Barry: After the awayday, during the summer of '96, you attended the meetings of the sub-group of Council we called the Transitional Management Board (TMB). I usually felt pretty bewildered at the start of these meetings about where we were in the change process. But as a result of your engagement with me and us, what emerged was an understanding of where we were on the map and a clearer sense of direction.
In all our meetings together, whether in a group or one-to-one, there the genuine possibility that things could go either way: North or South, success or failure, progress or impasse. At the end of each meeting I had a feeling of understanding and comfort, knowing what you have to do next.
Tony: All the time I had a very clear idea that it was up to you and your colleagues to be making decisions and taking actions away, not me.
Barry: I remember at the September 1996 Council meeting you and your two facilitator colleagues questioning whether you really had a role to play, and I agree how different the experience can be for partners in the very same process. I don't think you realised at the time the tremendous significance you had. The impact of your involvement was huge. Even though you did not have to explicitly intervene a great deal for the first couple of hours, you were engaged throughout. The fact of your engagement underlined the seriousness of the change intent and brought everyone's attention to the change process itself. You represented a continuity and a reassurance: you had been present at the awayday five months earlier, and during the summer you worked with the TMB, helping us make decisions about how to proceed. Your influence was subtle but by being there you helped the case for change and the plan to become established in people's minds.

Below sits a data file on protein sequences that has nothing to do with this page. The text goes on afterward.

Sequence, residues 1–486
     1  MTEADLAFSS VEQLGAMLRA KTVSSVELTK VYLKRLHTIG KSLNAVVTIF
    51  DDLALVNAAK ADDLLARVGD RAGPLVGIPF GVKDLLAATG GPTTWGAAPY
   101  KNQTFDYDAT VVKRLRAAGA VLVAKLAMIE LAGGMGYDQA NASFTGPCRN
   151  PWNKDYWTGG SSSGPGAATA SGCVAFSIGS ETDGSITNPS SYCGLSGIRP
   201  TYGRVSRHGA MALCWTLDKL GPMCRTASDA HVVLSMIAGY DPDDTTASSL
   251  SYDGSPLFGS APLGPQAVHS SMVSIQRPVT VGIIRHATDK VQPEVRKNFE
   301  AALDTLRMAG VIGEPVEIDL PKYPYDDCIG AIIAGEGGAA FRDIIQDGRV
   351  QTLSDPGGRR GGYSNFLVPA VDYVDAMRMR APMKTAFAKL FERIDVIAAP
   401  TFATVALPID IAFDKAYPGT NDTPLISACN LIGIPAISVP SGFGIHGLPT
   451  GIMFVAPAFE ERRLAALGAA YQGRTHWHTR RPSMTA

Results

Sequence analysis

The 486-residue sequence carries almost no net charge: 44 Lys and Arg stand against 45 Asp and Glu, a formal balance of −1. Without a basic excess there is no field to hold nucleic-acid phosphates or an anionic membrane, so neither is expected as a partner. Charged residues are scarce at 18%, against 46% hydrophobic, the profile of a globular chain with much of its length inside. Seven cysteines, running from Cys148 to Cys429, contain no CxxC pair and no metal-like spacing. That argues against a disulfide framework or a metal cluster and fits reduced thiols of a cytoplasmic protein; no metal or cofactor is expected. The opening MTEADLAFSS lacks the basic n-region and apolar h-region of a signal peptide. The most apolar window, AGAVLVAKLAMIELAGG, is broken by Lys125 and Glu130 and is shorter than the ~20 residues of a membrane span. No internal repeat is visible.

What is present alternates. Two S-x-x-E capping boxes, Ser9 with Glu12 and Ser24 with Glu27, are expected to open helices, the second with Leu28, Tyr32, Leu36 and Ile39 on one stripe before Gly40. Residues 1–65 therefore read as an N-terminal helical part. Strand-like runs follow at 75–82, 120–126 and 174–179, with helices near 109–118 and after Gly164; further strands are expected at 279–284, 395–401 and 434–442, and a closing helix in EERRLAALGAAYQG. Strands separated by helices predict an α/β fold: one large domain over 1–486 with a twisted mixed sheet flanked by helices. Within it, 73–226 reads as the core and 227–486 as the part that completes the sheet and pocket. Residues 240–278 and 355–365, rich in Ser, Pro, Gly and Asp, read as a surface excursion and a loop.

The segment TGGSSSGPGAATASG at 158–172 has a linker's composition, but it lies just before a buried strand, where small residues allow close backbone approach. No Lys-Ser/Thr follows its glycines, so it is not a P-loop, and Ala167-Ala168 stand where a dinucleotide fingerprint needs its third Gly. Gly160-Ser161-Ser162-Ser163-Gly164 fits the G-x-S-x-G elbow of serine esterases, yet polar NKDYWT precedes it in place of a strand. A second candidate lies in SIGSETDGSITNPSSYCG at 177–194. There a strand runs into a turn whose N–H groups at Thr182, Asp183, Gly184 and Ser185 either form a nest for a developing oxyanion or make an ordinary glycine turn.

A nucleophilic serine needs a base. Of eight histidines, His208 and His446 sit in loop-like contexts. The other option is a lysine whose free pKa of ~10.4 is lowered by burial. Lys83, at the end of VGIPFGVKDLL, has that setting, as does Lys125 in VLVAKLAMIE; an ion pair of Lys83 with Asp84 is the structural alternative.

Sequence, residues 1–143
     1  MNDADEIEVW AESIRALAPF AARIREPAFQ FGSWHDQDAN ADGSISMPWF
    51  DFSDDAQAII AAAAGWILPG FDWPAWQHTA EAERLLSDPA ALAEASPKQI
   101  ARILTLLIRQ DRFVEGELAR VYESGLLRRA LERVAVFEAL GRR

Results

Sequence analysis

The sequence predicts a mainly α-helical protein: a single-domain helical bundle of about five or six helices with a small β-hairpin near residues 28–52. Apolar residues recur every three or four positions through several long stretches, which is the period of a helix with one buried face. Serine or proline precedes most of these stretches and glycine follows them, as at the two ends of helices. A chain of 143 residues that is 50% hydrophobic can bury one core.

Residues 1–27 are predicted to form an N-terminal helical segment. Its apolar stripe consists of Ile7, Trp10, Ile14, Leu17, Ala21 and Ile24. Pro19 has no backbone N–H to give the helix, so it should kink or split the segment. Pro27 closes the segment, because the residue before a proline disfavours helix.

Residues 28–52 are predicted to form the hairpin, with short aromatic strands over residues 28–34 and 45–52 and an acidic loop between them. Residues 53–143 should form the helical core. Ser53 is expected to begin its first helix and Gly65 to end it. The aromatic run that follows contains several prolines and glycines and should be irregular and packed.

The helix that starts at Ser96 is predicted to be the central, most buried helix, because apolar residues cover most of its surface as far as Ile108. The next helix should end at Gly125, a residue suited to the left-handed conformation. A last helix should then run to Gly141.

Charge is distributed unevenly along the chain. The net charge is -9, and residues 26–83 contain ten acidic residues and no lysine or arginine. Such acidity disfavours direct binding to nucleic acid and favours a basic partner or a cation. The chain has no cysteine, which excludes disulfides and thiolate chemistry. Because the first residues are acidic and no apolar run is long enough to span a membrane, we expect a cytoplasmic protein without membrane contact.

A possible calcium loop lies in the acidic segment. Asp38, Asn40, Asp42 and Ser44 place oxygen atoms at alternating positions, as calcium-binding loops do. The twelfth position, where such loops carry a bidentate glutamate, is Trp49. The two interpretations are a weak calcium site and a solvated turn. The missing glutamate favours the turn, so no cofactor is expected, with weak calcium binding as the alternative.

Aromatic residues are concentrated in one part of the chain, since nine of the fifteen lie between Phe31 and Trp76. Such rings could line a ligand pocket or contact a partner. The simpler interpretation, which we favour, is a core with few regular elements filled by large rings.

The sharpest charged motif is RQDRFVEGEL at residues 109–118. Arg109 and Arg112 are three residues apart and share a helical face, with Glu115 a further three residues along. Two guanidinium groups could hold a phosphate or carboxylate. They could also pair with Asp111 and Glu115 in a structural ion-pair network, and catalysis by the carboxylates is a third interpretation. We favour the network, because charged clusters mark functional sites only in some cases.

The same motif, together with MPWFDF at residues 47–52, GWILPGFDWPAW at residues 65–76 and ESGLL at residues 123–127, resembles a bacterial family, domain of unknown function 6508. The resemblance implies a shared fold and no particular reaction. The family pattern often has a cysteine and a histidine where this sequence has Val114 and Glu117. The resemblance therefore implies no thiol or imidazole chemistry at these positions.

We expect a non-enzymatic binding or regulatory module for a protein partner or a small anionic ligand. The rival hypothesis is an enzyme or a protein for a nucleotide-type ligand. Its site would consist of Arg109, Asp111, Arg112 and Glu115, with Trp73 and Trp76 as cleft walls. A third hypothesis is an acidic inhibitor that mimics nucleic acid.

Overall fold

Tony: You are describing a symbolic role, to do with the facilitators "being there" rather than actually "doing anything". We were holding the boundaries, a sort of a conscience or reminder for Council, also providing a bit of reassurance and some kind of safety net. We were allowing and requiring new conversations to happen in Council to do with change and a new world, and quietly inhibiting the familiar old conversations that tend to keep recycling themselves in any group. I'm struck by the subtlety of this enabling process. It is not straightforward to describe, explain or proceduralise.
Barry: You can't proceduralise it. It is not a procedural matter. It is about being and engaging and processing and relating and understanding. I guess this is what we are seeking to understand in this conversation.
Consulting as a WOW experience
Tony: I have become interested in consulting as a WOW experience, as a highly productive partnership, something deeply collaborative, creative, synergistic which arises from the contact, the conversation, the relationship with the client. This WOW possibility for consulting is hard to describe. It is a conversation between a client and consultant that enables the new thing to happen that neither one of them could have previously envisaged…
Barry: I'm interested in that possibility for consulting at the WOW level. It raises the question of where, how, by what chemistry does the WOW arise…and can you have the WOW without all the other stuff, the down time. Can you package WOW or is it a product of some other kind of process?